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DC is full of angles—political, powerful, dark and dangerous—and when I sat down to write my first DC based novel, I knew my characters would get into trouble. They didn’t disappoint. Plop a marriage down in DC, and something is going to happen. Here are nine stories that really tell you what it’s like to live and survive inside the beltway … because everyone assumes politicians are at best dishonest, and at worst, criminals. The staffers are eager over-achievers, with ID cards, and a drive to power. It’s a tough place for a marriage to survive.

The Widow by Kaira Rouda

My new thriller The Widow is set in DC and is inspired by the two years I spent on the Hill when my husband was serving in Congress, as well as the “Widow’s Mandate,” the unofficial tradition where women are either appointed or elected to fill their late husbands’ Congressional seats. In my novel, the Congressman’s wife realizes she just might not have to wait for her husband to die to gain the power she desires…

Heartburn by Nora Ephron

A light and hilariously snarky take on marriage by the author of Sleepless in Seattle. Based on the famous author’s real life, public break-up with Carl Bernstein, this one is a classic, even if some of the plot feels a little dated today. The pain and heartbreak that infidelity causes are timeless.

Admit This to No One by Leslie Pietrzyk

A group of women connected to the Speaker of the House, either professionally or otherwise, set the stage for this insider DC story. These stories show how DC’s true currency is power, and this particular tale examines what happens when the bonds of family and duty are pushed to the limit. An eye-opening, sometimes shocking read.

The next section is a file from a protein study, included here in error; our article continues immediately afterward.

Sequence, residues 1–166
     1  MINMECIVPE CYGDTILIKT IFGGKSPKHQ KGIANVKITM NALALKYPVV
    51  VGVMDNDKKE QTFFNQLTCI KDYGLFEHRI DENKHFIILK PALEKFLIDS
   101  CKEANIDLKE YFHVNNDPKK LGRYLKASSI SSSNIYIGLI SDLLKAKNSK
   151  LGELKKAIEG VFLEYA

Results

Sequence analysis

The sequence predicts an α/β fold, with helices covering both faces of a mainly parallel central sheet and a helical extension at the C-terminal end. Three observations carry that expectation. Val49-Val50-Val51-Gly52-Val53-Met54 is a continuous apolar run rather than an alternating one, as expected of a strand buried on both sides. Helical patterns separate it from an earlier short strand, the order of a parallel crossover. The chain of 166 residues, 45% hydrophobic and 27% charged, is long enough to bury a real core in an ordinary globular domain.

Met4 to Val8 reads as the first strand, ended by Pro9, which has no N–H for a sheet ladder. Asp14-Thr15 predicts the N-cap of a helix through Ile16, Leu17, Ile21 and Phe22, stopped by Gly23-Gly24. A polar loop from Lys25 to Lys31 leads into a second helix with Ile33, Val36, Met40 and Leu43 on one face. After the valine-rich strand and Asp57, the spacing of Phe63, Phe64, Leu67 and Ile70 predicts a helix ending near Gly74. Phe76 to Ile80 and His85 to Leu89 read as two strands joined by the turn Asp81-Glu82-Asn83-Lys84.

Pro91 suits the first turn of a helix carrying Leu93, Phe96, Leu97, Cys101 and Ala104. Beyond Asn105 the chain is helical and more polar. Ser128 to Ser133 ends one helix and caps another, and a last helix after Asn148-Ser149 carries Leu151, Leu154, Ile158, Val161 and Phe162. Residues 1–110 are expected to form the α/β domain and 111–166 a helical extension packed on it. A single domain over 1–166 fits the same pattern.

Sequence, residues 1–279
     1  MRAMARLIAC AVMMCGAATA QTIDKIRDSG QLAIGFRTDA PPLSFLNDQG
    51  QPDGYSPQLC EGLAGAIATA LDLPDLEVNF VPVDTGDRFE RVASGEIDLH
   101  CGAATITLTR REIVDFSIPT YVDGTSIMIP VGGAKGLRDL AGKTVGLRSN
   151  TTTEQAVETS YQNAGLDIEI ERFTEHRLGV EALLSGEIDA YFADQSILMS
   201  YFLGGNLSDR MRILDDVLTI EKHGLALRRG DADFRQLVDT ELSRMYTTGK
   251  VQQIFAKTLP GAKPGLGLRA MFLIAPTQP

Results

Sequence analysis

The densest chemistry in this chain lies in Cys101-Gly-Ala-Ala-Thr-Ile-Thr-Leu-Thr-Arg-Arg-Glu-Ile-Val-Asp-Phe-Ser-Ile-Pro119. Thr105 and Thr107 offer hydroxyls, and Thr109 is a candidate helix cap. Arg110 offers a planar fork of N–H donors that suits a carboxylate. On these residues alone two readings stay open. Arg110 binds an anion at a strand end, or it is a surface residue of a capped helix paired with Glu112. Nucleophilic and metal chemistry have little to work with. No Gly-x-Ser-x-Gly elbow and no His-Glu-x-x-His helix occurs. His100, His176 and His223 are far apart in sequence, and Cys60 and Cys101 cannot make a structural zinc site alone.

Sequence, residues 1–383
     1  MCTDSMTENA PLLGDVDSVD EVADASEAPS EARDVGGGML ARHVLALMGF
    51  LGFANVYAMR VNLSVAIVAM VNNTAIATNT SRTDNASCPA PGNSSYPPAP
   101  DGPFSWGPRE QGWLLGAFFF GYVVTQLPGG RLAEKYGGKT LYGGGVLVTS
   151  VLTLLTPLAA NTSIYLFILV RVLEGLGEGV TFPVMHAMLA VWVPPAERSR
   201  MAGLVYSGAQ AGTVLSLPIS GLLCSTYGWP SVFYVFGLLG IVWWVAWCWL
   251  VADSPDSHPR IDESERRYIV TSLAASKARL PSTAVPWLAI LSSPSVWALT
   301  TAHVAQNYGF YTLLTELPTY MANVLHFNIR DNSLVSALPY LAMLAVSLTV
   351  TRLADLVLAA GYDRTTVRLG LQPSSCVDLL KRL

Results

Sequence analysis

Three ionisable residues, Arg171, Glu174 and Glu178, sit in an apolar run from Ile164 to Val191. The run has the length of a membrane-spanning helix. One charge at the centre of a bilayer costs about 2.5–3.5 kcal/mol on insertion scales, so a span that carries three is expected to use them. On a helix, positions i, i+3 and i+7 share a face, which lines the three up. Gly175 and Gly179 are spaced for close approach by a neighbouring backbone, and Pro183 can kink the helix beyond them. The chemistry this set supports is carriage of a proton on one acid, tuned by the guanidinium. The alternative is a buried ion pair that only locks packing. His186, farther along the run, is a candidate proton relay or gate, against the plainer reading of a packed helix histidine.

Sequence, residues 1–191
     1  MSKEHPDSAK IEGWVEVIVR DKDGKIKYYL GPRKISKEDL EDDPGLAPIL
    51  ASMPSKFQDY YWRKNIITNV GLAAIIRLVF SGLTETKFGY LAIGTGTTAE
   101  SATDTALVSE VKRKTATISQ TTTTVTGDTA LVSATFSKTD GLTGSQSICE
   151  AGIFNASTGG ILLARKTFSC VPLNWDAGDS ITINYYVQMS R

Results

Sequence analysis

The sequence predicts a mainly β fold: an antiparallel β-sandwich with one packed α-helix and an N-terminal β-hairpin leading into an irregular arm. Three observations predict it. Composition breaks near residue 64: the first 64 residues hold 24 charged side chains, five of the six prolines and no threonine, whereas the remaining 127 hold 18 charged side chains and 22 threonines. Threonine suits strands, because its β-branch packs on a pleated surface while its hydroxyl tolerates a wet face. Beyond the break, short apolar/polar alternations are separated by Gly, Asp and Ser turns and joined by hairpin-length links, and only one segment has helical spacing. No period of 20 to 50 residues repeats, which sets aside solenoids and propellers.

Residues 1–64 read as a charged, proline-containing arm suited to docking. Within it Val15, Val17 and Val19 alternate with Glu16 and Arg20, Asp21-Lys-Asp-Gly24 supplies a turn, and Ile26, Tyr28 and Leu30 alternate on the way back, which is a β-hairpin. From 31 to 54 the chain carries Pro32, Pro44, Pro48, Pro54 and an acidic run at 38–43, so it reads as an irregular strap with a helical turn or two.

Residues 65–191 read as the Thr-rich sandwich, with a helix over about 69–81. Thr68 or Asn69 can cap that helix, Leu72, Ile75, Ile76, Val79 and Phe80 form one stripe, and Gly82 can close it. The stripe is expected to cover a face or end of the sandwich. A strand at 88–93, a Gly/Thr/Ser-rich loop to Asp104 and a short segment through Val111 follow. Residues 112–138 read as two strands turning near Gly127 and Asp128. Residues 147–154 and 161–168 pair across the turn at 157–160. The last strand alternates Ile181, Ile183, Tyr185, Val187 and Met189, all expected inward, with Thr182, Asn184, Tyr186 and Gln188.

Charlotte Walsh Likes to Win by Jo Piazza 

What’s it like to run for Senate in an election that will decide the balance of power in Congress? Charlotte Walsh uproots her Silicon Valley based family and returns to the Pennsylvania rust belt with her family to find out. Deemed THE novel for the 2018 midterms, it grippingly explores just how dirty politics has become as opponents thoroughly embrace the politics of personal destruction. It’s timely, and unfortunately, still true.

Red, White & Royal Blue by Casey McQuiston, the romance novel DC didn’t know it needed 

If you’re looking for a bit of a lighter DC-based read, look no further than this instant New York Times bestseller. I loved it. Here’s the set-up: What happens when America’s First Son falls in love with the Prince of Wales? This is a purely fun, brilliant and escapist read.

The Hopefuls by Jennifer Close

DC is populated by young people just like newlyweds Beth and Matt, who is filled with political ambition. Beth, is not. This book is an insider’s look at young, desperate DC, by an author with insider insights and outsider instincts. You know I like that.

The Lost Diary of M, by Paul Wolfe

A gripping novel that imagines what Mary Pinchot Meyer’s diary would have revealed if the CIA hadn’t burned it. She had a love affair with JFK, and was mysteriously murdered in 1964. Part love story, part thriller, and all Cold War DC setting, it’s a great read.

Exclusive by Sandra Brown

Political thriller revolving around America’s First Lady and her old friend, an intrepid reporter who will do anything to get to the truth. But delving into the private lives of the president and his wife isn’t encouraged, of course. You’ll enjoy this fast-paced tale from a master of suspense.

The President is Missing by James Patterson and Bill Clinton

And speaking of presidents, Bill Clinton and James Patterson joined forces to deliver a fast paced, insider information filled thriller. And, you should follow that up with State of Terror by Louise Penny and Hillary Rodham Clinton about a president and his new Secretary of State, Ellen Adams, who must race to save America from a horrifying threat.

Happy Reading, DC style.